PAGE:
A case of intrathoracic desmoid tumor with pulmonary Mycobacterium abscessus disease

Publication date: Available online 20 January 2020Source: Respiratory Medicine Case ReportsAuthor(s): Takuma Katano, Eri Hagiwara, Hiromasa Arai, Midori Sato, Takafumi Yamaya, Michihiko Tajiri, Takashi OguraAbstractA 68-year-old man who was on treatment for pulmonary Mycobacterium avium complex complained a worsening of sputum. Although he archived negative sputum culture two months ago, sputum culture tests revealed the newly isolation of Mycobacterium abscessus repeatedly. Chest computed tomography showed newly-appeared extra-pulmonary mass lesion in contact with a cyst at the bottom of his right lung. From the results of contrast-enhanced magnetic resonance imaging, we first suspected loculated pleural effusion due to Mycobacterium abscessus infection. A thoracoscopic examination was performed as the right pneumothorax developed, and the pleural lesion was successfully resected and diagnosed as an intrathoracic desmoid tumor. Intrathoracic desmoid tumor is very rare, and this is the first report of a case with pulmonary Mycobacterium abscessus disease.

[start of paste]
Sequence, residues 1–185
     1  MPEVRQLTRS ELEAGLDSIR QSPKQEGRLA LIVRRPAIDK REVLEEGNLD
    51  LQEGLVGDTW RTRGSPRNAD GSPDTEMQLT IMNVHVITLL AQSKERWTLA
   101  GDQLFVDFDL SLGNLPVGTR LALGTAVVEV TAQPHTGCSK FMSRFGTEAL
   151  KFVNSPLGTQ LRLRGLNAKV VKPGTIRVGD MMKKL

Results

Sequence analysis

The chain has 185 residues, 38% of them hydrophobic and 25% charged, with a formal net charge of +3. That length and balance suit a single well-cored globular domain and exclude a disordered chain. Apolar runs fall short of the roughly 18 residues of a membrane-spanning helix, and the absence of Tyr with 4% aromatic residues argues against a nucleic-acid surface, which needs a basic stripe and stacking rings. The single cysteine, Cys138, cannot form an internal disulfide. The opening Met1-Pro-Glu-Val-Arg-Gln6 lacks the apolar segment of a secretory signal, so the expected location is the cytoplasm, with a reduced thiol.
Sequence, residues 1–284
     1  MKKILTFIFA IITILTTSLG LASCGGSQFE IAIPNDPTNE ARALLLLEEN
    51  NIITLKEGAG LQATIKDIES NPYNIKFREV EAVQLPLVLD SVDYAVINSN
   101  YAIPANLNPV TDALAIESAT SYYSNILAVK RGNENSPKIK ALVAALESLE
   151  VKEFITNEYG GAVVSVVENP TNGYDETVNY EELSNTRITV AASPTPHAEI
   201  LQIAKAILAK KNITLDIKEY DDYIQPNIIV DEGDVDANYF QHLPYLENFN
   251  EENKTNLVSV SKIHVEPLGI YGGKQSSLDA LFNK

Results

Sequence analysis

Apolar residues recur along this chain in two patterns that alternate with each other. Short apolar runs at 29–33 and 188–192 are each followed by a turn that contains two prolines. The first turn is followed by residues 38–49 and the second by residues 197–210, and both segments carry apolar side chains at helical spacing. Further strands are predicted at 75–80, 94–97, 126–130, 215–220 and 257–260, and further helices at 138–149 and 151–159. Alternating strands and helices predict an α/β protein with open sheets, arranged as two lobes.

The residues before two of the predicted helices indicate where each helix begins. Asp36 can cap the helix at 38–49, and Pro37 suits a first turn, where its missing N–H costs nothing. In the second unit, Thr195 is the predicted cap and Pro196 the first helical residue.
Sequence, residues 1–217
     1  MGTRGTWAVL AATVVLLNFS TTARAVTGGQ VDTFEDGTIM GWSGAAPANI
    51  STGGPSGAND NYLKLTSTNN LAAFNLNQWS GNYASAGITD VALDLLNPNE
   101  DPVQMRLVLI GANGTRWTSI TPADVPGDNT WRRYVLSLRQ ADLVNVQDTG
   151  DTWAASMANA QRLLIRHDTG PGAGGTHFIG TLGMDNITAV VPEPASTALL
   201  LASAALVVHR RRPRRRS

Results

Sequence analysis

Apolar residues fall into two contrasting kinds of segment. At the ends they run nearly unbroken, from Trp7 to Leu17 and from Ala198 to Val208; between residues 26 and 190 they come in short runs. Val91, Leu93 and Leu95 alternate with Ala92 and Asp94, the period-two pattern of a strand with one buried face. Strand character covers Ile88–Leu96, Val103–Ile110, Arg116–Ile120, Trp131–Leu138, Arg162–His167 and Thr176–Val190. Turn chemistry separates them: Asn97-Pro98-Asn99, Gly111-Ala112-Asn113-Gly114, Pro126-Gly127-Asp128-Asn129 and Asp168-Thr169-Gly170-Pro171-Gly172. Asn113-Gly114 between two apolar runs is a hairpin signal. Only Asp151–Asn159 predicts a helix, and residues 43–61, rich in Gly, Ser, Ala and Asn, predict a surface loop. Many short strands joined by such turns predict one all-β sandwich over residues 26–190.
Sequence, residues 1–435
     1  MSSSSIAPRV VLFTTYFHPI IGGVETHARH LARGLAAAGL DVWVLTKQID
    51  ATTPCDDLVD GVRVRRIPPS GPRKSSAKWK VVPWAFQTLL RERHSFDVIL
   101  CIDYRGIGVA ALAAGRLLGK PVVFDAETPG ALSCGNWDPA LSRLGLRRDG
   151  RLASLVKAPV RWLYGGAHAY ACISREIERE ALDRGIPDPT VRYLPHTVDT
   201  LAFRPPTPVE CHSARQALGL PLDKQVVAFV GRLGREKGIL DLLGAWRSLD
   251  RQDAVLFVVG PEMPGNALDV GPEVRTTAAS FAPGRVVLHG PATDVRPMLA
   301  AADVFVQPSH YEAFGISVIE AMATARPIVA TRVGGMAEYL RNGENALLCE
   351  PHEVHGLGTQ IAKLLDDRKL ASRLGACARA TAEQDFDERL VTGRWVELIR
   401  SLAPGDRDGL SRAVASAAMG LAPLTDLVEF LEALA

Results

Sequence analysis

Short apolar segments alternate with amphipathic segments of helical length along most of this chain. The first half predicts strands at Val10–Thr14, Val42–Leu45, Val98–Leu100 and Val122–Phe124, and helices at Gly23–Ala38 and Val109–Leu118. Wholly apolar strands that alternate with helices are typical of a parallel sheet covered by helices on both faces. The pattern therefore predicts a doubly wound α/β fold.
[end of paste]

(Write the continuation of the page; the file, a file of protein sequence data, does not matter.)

Source: Respiratory Medicine Case Reports - Category: Respiratory Medicine Source Type: research

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CONCLUSIONS: In patients with suspected blunt thoracoabdominal trauma, positive POCS findings are helpful for guiding treatment decisions. However, with regard to abdominal trauma, a negative POCS exam does not rule out injuries and must be verified by a reference test such as CT. This is of particular importance in paediatric trauma, where the sensitivity of POCS is poor. Based on a small number of studies in a mixed population, POCS may have a higher sensitivity in chest injuries. This warrants larger, confirmatory trials to affirm the accuracy of POCS for diagnosing thoracic trauma. PMID: 30548249 [PubMed - as supplied by publisher]
Source: Cochrane Database of Systematic Reviews - Category: General Medicine Authors: Tags: Cochrane Database Syst Rev Source Type: research
Rationale: Radiofrequency ablation (RFA) is a safe and effective local treatment modality with a low complication rate and is commonly used to treat hepatocellular carcinoma (HCC). The clinical outcome of RFA may be closely related to the location, size, and shape of index tumors, and major complications, including hemorrhage, liver abscess, infarction, visceral organ perforation, hemothorax, pneumothorax, tumoral seeding, and hepatic failure. Cardiac tamponade is a rare and serious life-threatening complication associated with RFA. To date, a review of the medical literature reported 5 cases of cardiac tamponade after R...